Waitress

So when my son was growing up and after I left my father’s employ at his newspaper (temporarily it turned out, but for me it was permanent at the time), I went through many other occupations. Legal assistant (fired because one attorney’s secretary took such a dislike to me she blamed my eyebrows whatever that meant, I have none), veterinary receptionist (horrible hours, and pretty cutthroat– those other receptionists incredibly unhelpful not to mention the sadness with some pets and their families), substitute teacher. This was an invitation for punishment. Some teacher, too weekend-hungover to go to work threw subs at the mercy of their vitriolic, vindictive students. There were not a few schools where I had no qualms telling them not to bother calling. I got consistent calls from a school with developmentally challenged students– autistic, severe and profound, various levels of educability/trainability. I rather enjoyed this. I was an assistant, but was only too glad to support teachers dedicated to their work, who threw their entire beings into their classes. It was however sporadic work and paid $45 a day. I lasted about a year at this, then went with temp agencies, lots of them. I figured I could work out my own hours. Oh sure, I knew they charged the employer upwards of $20-$30 per hour (this is in the 80s and 90s) while I got a small fraction, but I could decide what and when I wanted to work, I thought.

Eventually this too soured. I decided I’d be good at waitressing. I enjoyed seeing people having a good time, eating, being with friends. I had a lot of energy (then) and loved chatting people up. I applied to a small place downtown and learned they were looking for a hostess, it was a nightclub. Ok, I figured I was probably too old (mid-30s at this point), but I kept my name in. A few days later they called to offer me the job. I’d thought better of this job. It was in a not-so-great part of town, late hours, who’d stay with my son, so on. I declined.

A neighbor told me she had a friend who was a server at a dining club downtown. Renowned for great food and very popular for wedding rehearsals and receptions I thought I’d give this one a try. I filled out my application and was called back a few days later to interview. Had I ever worked in ¬†restaurants before? No. Could I lift up to 35 pounds? Sure I could. Was I flexible with my hours? Yes. Ok, I was told to wait to speak to the manager of the dining room. A few moments later a young man appeared. A pleasant sort, looked a bit tired but he politely pointed me to a chair opposite his desk. He studied me a moment then asked me to tell him about myself, my previous work. I began a sort of diatribe I now realize. I can’t remember what I said or how long I talked. He rested his head on his hand, elbow propped up on his desk while I suppose I waxed rhapsodic about work and life in general. I thought at the time he was enthralled with my woven tapestry of life. Looking back I know he was probably just grateful to be out of his hectic kitchen.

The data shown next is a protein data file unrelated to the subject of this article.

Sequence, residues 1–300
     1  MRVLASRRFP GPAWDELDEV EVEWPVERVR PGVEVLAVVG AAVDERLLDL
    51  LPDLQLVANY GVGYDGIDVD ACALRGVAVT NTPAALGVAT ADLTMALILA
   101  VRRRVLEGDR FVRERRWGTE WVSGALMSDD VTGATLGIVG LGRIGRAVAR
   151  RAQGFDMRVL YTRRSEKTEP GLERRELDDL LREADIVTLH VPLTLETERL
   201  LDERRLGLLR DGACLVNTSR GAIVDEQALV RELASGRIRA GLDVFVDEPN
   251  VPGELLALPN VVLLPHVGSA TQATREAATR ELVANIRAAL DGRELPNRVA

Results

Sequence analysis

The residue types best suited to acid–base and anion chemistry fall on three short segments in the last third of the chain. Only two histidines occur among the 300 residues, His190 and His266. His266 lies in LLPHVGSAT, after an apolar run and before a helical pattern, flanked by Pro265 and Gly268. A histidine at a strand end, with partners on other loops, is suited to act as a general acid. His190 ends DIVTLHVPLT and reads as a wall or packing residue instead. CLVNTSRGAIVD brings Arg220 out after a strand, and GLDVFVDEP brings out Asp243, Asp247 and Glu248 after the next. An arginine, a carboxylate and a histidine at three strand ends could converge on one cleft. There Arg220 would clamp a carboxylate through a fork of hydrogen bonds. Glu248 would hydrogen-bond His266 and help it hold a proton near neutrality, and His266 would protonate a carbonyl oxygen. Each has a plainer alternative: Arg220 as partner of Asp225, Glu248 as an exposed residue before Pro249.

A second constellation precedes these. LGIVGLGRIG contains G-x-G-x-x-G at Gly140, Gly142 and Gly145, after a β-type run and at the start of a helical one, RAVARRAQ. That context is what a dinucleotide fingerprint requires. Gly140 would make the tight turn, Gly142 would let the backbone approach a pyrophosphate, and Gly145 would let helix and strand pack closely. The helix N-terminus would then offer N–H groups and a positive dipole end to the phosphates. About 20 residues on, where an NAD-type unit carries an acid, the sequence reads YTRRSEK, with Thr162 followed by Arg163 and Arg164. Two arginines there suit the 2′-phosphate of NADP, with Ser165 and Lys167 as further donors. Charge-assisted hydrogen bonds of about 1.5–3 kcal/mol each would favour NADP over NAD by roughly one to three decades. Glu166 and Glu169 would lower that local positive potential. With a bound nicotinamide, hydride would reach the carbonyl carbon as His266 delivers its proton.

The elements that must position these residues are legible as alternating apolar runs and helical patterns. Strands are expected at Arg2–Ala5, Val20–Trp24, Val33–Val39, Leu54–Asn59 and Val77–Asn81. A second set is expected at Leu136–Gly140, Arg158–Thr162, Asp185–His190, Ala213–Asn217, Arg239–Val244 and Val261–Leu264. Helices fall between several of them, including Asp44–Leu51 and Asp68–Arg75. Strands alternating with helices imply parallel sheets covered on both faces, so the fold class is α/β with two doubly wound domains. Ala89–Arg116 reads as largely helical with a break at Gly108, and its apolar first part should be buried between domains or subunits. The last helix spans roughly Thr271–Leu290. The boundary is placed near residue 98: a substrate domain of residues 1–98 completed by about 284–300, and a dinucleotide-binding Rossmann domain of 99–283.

I did not hear from them again.

So a new chain of restaurants was opening in the area: Olive Garden. Now popular, at the time it sounded fun and who doesn’t like Italian? So I went by one afternoon, filled out an application. They thanked me, explained I would hear “One way or the other” in a few days. Ever the optimist, I took out some of my meager savings to buy soft-soled shoes. I wanted them to be durable and sturdy but not something I’d fall over. The young man helping me was very patient. What did he think, high or low tops? I’d be on my feet a long time. Blank stare. Did he like this job? Maybe I wouldn’t be a shoe salesperson if the waitressing didn’t work out. I finally decided on low tops, black because I was told the uniform was black slacks, white shirt. I was called 2 days after. I spoke to two guys who looked to be about my age, very enthusiastic about their new venture, wanted a lot of enthusiasm and energy from their wait staff, they said. Oh, I understood, could completely be very energetic, enthusiastic! A lot of smiling, Nodding of assent, understanding. Then they excused themselves, saying they’d be right back. As they left I overheard one say, “Have we ever hired anyone that old before?” I did not stay for the rest of the interview.

From there I ran into some luck because I also volunteered at the library. One of the employees excitedly told me some positions were opening, I really needed to apply. I did. The rest is history, which resulted in the longest career in any one occupation in my working life.

And they required you be able to lift up to 40 pounds. (The black low-tops turned out to be great library shoes.)

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